While college prepares students for a lot of things, many graduate without knowing how to get a job. Of course, that's not always true, as some schools have job-placement programs and others teach the needed skills.

In many cases, however, graduates lack any real training when it comes to obtaining that first post-college job. The good news is that it's not that difficult to do, while the bad news is that you should have started already.

Robed college graduates throw their caps in the air.

You should start your job search before graduation. Image source: Getty Images.

What you need

Any job search requires a resume. As a college graduate or an about-to-be college graduate yours might be a bit thin, but you still need one.

Many schools have offices that will help you put one together, but it's easy enough to do on your own. Use a template (which can be easily found online) and list your education with expected graduation date, then include whatever work history you have.

You can also include any honors you received in school as well as any on-campus leadership positions. If you have any special skills -- like speaking another language or the ability to code -- include them. Since you likely haven't done much just yet, the goal of your resume is to sell yourself and focus on the skills you do have.

Once you finish make sure you have a skilled editor edit your work. If possible, it's also a good idea to ask someone with experience in your selected field to look over your finished product.

Don't forget this

In addition to a resume, many job applications will require a cover letter. For an inexperienced worker, a cover letter becomes even more important.

Customize each letter to the specific job and address any questions in the help wanted ad not covered by your resume. Use your cover letter to highlight why you fit the job in ways that may not be obvious from your resume. And, of course, again, have your work edited.

It goes beyond applying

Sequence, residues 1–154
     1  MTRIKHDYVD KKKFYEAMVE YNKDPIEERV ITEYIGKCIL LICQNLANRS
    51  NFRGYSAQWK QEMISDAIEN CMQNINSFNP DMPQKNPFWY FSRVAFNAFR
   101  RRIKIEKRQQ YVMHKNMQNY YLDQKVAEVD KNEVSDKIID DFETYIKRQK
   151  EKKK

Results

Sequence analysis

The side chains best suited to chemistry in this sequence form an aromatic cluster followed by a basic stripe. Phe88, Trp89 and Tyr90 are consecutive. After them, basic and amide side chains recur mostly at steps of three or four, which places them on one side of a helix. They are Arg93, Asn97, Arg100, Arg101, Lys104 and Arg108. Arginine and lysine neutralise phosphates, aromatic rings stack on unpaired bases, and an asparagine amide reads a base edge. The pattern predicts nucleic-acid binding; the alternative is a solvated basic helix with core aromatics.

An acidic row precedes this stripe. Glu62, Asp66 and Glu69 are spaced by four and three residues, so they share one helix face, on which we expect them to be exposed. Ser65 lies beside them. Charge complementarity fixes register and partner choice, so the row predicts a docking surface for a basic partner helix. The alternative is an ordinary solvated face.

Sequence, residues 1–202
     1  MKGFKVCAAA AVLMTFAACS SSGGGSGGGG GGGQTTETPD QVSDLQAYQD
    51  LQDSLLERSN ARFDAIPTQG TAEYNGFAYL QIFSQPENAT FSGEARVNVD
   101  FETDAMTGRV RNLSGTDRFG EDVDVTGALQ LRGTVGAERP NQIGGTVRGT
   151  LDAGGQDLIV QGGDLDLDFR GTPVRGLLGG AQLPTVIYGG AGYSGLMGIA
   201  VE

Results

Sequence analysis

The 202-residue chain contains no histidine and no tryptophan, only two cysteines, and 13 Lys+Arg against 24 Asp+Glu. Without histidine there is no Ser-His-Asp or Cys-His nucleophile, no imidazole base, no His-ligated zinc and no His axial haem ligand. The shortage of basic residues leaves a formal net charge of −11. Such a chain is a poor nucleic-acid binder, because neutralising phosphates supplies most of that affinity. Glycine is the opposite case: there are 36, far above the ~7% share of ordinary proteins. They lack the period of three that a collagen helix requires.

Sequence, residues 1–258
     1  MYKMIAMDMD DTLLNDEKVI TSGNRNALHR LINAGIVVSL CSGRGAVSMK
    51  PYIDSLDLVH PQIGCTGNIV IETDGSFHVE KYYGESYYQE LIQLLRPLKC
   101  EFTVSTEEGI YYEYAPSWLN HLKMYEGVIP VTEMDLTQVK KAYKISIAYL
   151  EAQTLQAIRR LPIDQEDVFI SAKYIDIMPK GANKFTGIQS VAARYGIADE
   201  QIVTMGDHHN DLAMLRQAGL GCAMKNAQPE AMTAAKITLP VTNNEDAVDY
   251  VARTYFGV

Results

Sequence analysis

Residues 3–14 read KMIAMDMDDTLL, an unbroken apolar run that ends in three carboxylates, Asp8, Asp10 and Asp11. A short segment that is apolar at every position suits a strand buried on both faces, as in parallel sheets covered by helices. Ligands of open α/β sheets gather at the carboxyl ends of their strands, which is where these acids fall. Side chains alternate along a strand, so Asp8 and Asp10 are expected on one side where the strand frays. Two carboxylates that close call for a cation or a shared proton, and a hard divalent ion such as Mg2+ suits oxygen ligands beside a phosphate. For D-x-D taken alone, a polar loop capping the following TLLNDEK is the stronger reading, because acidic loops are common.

The easiest path to a first job is to have contacts that will vouch for you or even hire you. The easiest way to do that is through internships during school. If you have been interning every summer and have those contacts, reach out to your network. Ask former bosses to have lunch or otherwise meet with you and politely ask for help.

If you don't have internships in your past, all is not lost. Identify places you want to work and reach out to the people who might be in a position to hire you. Ask for an informational interview and try to make contacts.

Use all available tools

Many schools have job fairs or other opportunities to meet potential employers. In addition, most schools have employment offices that offer everything from placement help to job listings and resume review services.

Don't forget to mine your personal network and reach out to anyone who might be able to open a door for you. This includes professors, family contacts, and even school friends who graduated before you.

Be professional

Through each step of the process it's important to show that you can handle the adult world. Show up for meetings dressed professionally and wear a suit or its equivalent for all interviews. Be liberal not just with saying thank you but in sending formal thank you notes.

Remember that potential employers will be doing what they can to learn about you. That means they will almost certainly do an online search for you and check your social media. Make sure to sanitize your feeds so they won't see anything that won't reflect well on you and build a LinkedIn profile if you don't already have one.

Be diligent and open

This is your first job, not where you will spend the rest of your life. Be open to all possibilities and do what you can to get your foot in the door. Consider every offer and don't let pride get in the way of getting your career started. Sometimes a very modest job can be a stepping stone to big things as long as you work hard to prove your worth.

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